The platform supports all the business processes which enable a one click experience for consumers, including, for example, opening an account within the different OEM stores, SIM and connectivity assignment and service purchase. The bottom line of what this platform offers is the ability for everyone to benefit, especially the consumers. Relying on our close relationships with more than 300 service provider customers and the fact that we help to monetise billions of end consumers, Amdocs is best positioned to enable service providers to utilise their numerous assets and partner with the OEM to drive this mega business for them. In cooperation with our partners, we can use our expertise as global service and experience providers to connect the dots to enable endto-end consumer services, and manage the reconciliation in the value grid, using new business models and providing exciting experiences to consumers all over the world.




Capitalising on the Industrial Internet of Things requires new business models and processes Global players in many industries such as telecommunications, medical, industrial and manufacturing, and transportation are changing their business models to create new offerings and to capture their share of the trillion dollar Internet of Things (IoT) market. This is not an easy task; it means fundamental change to operations, sales and marketing, product management and operations as well as a redefinition of pricing and go-to-market strategy. Here, Eric Free, the senior vice president for strategic growth at Flexera Software, discusses the four business process areas that are key to monetising the IoT – licensing and security, entitlement management, delivery and updates, and in-product analytics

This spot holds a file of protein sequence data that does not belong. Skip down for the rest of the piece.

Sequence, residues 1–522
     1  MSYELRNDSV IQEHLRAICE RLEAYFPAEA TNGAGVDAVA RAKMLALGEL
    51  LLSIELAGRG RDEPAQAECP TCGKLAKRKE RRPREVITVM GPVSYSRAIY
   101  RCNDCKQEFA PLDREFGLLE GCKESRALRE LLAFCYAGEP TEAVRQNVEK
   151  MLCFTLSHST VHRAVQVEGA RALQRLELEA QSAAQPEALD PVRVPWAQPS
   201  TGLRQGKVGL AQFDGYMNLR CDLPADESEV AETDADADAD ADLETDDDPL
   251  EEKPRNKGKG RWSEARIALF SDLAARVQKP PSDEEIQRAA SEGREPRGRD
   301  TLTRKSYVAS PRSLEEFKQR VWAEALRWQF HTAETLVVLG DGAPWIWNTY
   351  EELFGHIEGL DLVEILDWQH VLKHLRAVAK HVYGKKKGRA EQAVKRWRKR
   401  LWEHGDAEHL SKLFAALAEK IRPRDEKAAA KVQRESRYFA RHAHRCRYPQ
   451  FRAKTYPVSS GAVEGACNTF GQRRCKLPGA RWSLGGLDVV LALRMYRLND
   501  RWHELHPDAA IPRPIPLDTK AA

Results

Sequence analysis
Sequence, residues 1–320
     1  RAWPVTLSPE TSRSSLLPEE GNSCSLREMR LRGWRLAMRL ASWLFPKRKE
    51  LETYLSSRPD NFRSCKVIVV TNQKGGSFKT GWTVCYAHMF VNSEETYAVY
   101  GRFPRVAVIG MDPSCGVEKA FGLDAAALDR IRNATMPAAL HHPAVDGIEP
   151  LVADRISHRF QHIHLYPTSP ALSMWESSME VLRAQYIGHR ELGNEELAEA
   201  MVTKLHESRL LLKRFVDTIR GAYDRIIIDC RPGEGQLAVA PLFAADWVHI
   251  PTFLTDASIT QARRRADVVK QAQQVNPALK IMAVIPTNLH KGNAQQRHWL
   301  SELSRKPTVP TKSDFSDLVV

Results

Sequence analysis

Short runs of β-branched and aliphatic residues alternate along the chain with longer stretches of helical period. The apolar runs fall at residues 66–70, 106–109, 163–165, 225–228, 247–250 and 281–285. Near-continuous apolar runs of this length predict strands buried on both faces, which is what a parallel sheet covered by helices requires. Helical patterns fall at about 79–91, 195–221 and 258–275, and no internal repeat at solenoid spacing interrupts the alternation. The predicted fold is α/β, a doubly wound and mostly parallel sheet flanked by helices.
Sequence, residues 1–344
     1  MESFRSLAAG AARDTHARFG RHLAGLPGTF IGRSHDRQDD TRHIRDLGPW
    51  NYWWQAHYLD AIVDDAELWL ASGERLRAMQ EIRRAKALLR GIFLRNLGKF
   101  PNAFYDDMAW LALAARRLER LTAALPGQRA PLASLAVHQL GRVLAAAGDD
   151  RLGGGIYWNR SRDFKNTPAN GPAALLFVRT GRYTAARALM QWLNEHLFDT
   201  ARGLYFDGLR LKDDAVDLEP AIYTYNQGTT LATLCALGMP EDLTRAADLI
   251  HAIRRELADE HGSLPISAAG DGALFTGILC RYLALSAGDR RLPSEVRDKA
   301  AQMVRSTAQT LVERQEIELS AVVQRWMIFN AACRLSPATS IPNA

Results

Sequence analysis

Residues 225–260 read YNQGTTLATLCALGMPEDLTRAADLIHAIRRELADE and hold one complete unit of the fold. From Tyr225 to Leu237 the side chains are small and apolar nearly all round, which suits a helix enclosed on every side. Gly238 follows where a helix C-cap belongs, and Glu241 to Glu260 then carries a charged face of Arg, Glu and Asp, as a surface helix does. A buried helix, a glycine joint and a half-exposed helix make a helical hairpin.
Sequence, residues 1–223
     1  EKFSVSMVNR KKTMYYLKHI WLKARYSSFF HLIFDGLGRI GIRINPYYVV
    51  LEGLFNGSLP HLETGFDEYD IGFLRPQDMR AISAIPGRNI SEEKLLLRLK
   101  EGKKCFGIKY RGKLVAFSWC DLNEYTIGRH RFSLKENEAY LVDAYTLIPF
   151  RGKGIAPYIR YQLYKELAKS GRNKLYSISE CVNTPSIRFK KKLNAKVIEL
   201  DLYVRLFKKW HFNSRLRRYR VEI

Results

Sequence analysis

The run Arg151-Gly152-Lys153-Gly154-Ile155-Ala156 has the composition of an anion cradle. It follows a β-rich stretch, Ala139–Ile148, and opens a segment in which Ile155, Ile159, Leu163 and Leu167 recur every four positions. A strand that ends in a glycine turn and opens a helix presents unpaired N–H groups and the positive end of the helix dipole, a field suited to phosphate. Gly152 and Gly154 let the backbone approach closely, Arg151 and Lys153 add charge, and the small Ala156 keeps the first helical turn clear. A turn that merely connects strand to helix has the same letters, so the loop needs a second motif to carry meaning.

Eric Free: There are tremendous opportunities for manufacturers to create new revenue models and establish new and recurring revenue streams

Eric Free: The general IoT numbers are quite staggering and will require a transformational shift as companies evolve from a traditional hardware product mindset to an Internet of Things solution mindset. Manufacturers of all sizes, from startups to conglomerates, must have monetisation strategies in place to capture value at all stages of this transformation. We're seeing an emerging class of intelligent device – hardware – manufacturers that are going through a business transformation that encompasses business model and core

business operations changes. Every discussion about this change involves software – either embedded on devices or connected to them to deliver additional services, often involving data analysis and business intelligence. This puts software at the very heart of any Industrial IoT (IIoT) solution. As a result, the initial hardware sale will cease to be the main source of revenue and software monetisation models will have to be put in place to add value through software and services. This includes subscription revenue as well as additional application functionality sales. In addition, in the IIoT world, manufacturers can unlock operational and manufacturing efficiencies by using software to differentiate and build exactly the right solutions, rather than building different hardware products or product lines. The reality is that all of this is for nothing if the manufacturer does not take into consideration the customer experience and deliver on customer expectations. In this new